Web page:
NWAA330 From United States of America, joined Jun 2003, 207 posts, RR: 1 Posted (10 years 3 months 2 weeks 8 hours ago) and read 2137 times:
I have an extrodinarily weird question. Something that probably shouldn't even be asked but I'm just curious. Many people refer to aircraft or cars or whatever as if they have a sex (Looking on as she gracefully rotates) etc. My question is which a/c do you think look male and which look female? Again weird I know but just had to ask.
Goose From Canada, joined Aug 2003, 1840 posts, RR: 16 Reply 1, posted (10 years 3 months 2 weeks 8 hours ago) and read 2099 times:
I don't think the assigning of a sex to a car or airplane is so much based on appearance....
Personnally, I refer to aircraft as female. I also refer to cars as female for a similar reason. Why? Because they're inherantly tempermental. You have to be nice and coax them to get them to do what you want...
Sometimes an aircraft just won't do what you want at all.... and you're left really not knowing why. It just seems to happen without any signs or warning.
Now, you can probably see the similarity with the female of the species.....
Flyssc From France, joined Aug 2003, 7353 posts, RR: 58 Reply 3, posted (10 years 3 months 1 week 6 days 23 hours ago) and read 1960 times:
Funny question...: in English, you say "it" for things. You don't have the "masculin" or "feminin" for things, like we have in French, or Italian.
I noticed that when you talk about a/c, you always say "SHE", witch sounded very strange for me at the beginning, because in French, a Plane is " un avion". It's masculin. it's " LE" Boeing, "LE" Concorde. The only "feminin" plane was "LA" Caravelle...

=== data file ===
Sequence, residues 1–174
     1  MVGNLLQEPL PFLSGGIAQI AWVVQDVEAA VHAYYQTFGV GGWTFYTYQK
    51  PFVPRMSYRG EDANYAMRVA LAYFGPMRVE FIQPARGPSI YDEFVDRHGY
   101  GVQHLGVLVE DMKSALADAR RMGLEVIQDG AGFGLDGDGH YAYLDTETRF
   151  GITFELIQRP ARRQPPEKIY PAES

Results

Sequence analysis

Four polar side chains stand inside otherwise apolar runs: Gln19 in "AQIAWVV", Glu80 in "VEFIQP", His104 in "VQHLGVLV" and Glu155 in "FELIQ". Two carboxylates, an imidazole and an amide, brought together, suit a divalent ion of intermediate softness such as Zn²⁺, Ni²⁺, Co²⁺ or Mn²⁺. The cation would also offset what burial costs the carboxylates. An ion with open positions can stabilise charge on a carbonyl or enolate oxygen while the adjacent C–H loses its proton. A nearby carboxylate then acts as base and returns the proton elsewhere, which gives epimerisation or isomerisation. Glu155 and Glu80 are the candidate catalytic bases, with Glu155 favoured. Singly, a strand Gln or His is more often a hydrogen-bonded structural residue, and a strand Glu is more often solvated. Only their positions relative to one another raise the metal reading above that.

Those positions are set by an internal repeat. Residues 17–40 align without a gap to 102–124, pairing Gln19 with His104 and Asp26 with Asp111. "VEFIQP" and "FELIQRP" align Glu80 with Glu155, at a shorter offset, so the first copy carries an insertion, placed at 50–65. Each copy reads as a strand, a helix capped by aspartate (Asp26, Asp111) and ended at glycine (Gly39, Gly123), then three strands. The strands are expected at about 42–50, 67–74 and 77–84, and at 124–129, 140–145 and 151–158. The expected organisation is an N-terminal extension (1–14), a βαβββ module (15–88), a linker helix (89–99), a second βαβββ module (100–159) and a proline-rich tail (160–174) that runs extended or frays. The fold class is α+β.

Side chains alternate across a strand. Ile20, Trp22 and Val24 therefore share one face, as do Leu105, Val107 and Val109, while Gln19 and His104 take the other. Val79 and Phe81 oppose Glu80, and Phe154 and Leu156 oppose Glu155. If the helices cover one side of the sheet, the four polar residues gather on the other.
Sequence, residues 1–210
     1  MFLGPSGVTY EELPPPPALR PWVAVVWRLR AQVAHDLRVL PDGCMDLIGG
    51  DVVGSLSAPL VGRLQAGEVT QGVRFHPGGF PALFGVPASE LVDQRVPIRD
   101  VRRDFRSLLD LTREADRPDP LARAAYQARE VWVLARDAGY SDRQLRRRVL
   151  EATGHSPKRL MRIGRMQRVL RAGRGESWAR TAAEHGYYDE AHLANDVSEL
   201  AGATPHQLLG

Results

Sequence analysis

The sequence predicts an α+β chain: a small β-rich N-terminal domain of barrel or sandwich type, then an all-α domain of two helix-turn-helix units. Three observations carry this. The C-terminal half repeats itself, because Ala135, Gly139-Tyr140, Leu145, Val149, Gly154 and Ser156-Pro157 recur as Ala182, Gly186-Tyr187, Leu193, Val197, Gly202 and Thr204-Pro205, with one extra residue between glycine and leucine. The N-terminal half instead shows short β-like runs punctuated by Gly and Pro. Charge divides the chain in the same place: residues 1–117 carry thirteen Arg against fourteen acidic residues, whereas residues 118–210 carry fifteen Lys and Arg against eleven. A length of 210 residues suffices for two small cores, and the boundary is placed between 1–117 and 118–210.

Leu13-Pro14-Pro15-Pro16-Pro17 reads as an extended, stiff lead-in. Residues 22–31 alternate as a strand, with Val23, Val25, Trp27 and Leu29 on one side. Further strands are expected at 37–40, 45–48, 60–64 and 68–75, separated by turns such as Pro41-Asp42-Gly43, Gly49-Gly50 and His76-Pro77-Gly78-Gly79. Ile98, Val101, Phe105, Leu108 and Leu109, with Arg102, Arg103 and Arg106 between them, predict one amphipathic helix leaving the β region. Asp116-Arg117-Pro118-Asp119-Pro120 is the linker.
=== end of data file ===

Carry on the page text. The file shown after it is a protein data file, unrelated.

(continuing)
Cptkrell From United States of America, joined Sep 2001, 2908 posts, RR: 13 Reply 5, posted (10 years 3 months 1 week 6 days 22 hours ago) and read 1911 times:
Not a weird question, but pretty interesting. I believe watercrafts (more specifically, large sailing ships) were referred to as a "she", irrespective of the particular vessel's name. Perhaps this reference carried over to airships and now airplanes? Anyway, I have often caught myself interchanging gender for airplanes; "She's beautiful" referring to a restored Super Constellation, or, "Look at that big guy" referring to a C5 Galaxie, etc.
Anyway, I think it's an interesting topic and would like to hear additional perspectives also...Jack
Cptkrell From United States of America, joined Sep 2001, 2908 posts, RR: 13 Reply 6, posted (10 years 3 months 1 week 6 days 22 hours ago) and read 1877 times:
Oh, and I forgot to really address the original question in my previous post; I believe some aircraft actually do allude to gender because of their design. I think the 757 has a very "pretty face"...the nose/cockpit area especially look pleasingly feminine (as do some others, like the L1011 for example)...jack
Godbless From Sweden, joined Apr 2000, 2752 posts, RR: 17 Reply 7, posted (10 years 3 months 1 week 6 days 22 hours ago) and read 1876 times:
This is what I was told:
Making planes female has the same background as it has on ships.
Considering that the captain is the boss on board ( of a ship / plane) and the "thing" he "drives" is his wife it of course has to be female.
This is also the reason why a ship's captain would always go down with HIS ship if it sank, since they "belong together".
Today however the captain does no longer have to be male but because of the history of calling planes females it just stays that what way and for me as a male I rather look at a she then at a him while spotting.
However, the 747 has been considered male because of it's size in relation to the then common 707. After all it's a Jumbo and not a Jumborette.